Wig or no wig, I can be myself

October 24, 2018
An 18-year-old cancer survivor shares what RMHC Toronto means to her.
Emma Collins in the kitchen
Last night, 18-year-old Emma Collins held the attention of close to 100 donors as she shared the story of her fight with cancer and how RMHC Toronto made a difference to her family. Emma recently went home after 272 days at the House fighting cancer not once, but twice. Read her moving message.
 
Hi everyone. My name is Emma Collins and I live in Muskoka, Ont. But that’s not the only place I call “home.” My second home is right here in Toronto at Ronald McDonald House. At both homes, I have a family who supports, loves and provides comfort in trying times, and I am so incredibly thankful for that.
 
I was first diagnosed with leukemia in May 2015 when I was just 14 years old. I was immediately rushed to the hospital and was admitted for three months. This was hard on me, but also hard on my family members as they needed a place to live in Toronto while I was at the hospital receiving chemo after chemo. 

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 Emma in the hospital and with her brother, Liam, and father, Donald. 

We got a room at Ronald McDonald House and it really helped as it was so convenient. It was no more than a five-minute walk to and from the hospital, so I knew my parents were always close when they were catching up on sleep or getting a meal at the House.

Once I was discharged, I was then able to join the rest of my family at Ronald McDonald House. It was nice to be so close to the hospital as I still had countless appointments and checkups. Throughout my time in the House, I had many friends visit me, which really lifted my spirits.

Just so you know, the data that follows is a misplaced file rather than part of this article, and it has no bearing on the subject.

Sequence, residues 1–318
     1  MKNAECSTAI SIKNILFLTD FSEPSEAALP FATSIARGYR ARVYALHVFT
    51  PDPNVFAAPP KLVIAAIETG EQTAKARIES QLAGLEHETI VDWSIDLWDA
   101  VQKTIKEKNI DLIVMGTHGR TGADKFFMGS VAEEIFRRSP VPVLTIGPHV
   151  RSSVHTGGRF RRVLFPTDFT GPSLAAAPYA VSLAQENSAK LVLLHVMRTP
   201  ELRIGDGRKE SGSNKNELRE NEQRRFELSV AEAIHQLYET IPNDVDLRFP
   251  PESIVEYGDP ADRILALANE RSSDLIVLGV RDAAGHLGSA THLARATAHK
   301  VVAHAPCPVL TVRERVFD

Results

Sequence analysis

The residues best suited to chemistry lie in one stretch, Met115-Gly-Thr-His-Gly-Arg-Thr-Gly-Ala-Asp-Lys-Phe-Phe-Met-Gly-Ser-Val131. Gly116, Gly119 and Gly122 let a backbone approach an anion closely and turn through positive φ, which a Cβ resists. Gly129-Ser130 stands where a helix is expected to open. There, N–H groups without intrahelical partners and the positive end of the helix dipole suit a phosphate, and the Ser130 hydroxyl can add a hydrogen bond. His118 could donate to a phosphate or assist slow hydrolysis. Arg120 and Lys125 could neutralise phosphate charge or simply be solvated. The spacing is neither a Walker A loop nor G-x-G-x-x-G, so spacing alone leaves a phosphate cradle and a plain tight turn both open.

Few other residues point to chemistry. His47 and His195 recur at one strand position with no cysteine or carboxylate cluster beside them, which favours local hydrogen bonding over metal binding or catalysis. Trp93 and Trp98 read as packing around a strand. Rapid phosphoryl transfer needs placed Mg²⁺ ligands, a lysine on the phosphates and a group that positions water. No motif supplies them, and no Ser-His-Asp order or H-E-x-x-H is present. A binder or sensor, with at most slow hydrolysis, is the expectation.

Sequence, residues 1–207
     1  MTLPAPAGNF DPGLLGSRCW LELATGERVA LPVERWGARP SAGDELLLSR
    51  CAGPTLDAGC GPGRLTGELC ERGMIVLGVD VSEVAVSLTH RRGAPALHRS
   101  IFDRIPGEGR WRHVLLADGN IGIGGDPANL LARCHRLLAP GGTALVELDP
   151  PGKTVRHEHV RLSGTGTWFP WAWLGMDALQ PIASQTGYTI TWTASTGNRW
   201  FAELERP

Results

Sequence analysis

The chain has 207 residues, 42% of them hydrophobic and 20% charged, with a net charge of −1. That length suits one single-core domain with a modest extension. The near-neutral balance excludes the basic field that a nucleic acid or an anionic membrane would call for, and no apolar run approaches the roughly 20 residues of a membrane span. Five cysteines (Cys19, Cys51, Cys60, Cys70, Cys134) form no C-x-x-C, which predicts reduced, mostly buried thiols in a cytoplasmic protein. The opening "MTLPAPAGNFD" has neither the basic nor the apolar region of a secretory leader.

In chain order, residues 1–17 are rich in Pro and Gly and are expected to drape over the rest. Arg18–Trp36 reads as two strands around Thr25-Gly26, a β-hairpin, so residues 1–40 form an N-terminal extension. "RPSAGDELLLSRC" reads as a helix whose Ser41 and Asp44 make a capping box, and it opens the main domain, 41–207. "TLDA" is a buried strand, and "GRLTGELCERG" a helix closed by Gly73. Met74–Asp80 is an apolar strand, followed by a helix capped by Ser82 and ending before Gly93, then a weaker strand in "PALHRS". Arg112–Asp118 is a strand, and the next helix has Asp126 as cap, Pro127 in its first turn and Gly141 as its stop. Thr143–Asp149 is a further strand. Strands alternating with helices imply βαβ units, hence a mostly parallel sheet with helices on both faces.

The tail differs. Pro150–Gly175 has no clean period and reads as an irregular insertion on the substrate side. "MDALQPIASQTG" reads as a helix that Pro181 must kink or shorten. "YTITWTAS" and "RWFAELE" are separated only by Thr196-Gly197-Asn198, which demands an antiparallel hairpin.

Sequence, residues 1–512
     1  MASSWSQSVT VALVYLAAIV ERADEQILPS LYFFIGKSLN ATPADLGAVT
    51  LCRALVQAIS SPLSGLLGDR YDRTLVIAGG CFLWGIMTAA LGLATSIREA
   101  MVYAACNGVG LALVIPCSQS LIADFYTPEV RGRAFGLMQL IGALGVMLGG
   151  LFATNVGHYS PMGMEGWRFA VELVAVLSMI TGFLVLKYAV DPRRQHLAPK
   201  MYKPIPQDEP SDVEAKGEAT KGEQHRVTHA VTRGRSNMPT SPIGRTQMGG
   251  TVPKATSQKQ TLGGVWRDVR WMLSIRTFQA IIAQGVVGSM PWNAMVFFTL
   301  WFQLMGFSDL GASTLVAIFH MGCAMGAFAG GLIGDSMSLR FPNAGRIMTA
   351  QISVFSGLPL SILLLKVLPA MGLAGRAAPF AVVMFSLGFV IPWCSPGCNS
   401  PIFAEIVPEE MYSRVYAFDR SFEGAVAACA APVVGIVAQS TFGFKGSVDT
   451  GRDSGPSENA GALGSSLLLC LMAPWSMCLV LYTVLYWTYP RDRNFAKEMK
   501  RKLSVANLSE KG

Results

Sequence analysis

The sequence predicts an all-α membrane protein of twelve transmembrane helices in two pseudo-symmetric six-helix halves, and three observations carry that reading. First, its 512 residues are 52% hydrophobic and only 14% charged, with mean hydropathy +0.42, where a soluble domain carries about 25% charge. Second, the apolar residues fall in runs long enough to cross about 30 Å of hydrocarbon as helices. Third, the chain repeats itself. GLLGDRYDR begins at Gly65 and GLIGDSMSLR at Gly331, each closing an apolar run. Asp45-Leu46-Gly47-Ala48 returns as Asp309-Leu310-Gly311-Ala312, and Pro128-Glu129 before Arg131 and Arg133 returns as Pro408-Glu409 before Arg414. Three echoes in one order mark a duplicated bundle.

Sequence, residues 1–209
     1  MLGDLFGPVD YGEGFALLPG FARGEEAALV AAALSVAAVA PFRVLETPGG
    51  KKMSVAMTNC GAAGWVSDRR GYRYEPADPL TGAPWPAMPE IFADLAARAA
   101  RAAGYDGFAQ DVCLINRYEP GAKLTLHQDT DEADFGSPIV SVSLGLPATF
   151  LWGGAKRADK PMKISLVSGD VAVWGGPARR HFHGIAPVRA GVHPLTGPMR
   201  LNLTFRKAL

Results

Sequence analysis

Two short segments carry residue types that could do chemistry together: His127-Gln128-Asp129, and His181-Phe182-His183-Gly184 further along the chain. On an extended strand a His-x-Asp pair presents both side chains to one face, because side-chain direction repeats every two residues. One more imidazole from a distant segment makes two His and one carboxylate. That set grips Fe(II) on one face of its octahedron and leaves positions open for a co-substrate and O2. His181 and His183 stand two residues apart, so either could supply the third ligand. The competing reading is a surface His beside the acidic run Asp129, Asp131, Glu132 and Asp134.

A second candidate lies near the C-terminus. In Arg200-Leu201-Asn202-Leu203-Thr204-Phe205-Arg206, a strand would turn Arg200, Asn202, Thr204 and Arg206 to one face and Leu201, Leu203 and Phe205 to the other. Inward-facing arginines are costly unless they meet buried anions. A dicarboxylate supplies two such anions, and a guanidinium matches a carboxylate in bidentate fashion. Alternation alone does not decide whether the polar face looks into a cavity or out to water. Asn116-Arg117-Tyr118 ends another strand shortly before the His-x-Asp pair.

In May 2018 – my Grade 12 year – I was told I had relapsed and would need a bone marrow transplant from my brother. I knew then that I would be spending A LOT of time at the House.

But if I had to be anywhere else than home in Muskoka, I wanted to be at Ronald McDonald House.

I was able to have sleepovers with my friends as I would normally do, and I met so many kind people at the House, both staff and other families. Everyone is so kind because they are all there for the same reason. 

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Emma with her visiting friends.
 
One thing I really love about the House is that there is no judgment. That tends to happen a lot when you’re a teenage girl and bald. Many people stare when they see something different, such as a bald girl wearing a mask, but at Ronald McDonald House, no one cares and no one judges me because everyone has a little something going on in their lives, and that’s okay. Everyone understands because we’re all just trying to get through it.
 
I’m so incredibly thankful for everything the House has done and let’s me do. George Cohon’s (Founder of McDonald’s Canada & McDonald’s Russia/Founder of RMHC Canada) dogs come visit the House, which I absolutely LOVE because I’m a big dog lover. It makes my day to see Simmie and Annie, the two retrievers, who are literally the sweetest pups in the world. 

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Emma with Simmie and Annie, the golder retrievers.
 
Other things I was able to do was have my friends come over, even if it was a group of seven of them at once, or have a sleepover with my best friend, Emma. Being able to have that time to share with each other and reconnect meant so much to me, and all of them loved the House too as it has everything you could possibly need and more! I was also able to have my brother come and visit me many times and we could just hangout like we would any other day. That would make my day about 1,000 times better!

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Emma with her mother, Jacqueline.
 

Ronald McDonald House provided my family and I with a sense of normalcy which is all I could’ve really asked for during such a complicated time in my life. I really couldn’t be more thankful. It really is a great place and I can still feel comfortable if I’m not feeling or looking my best.

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Wig or no wig, I can be myself and be comfortable in my home away from home. Thank you.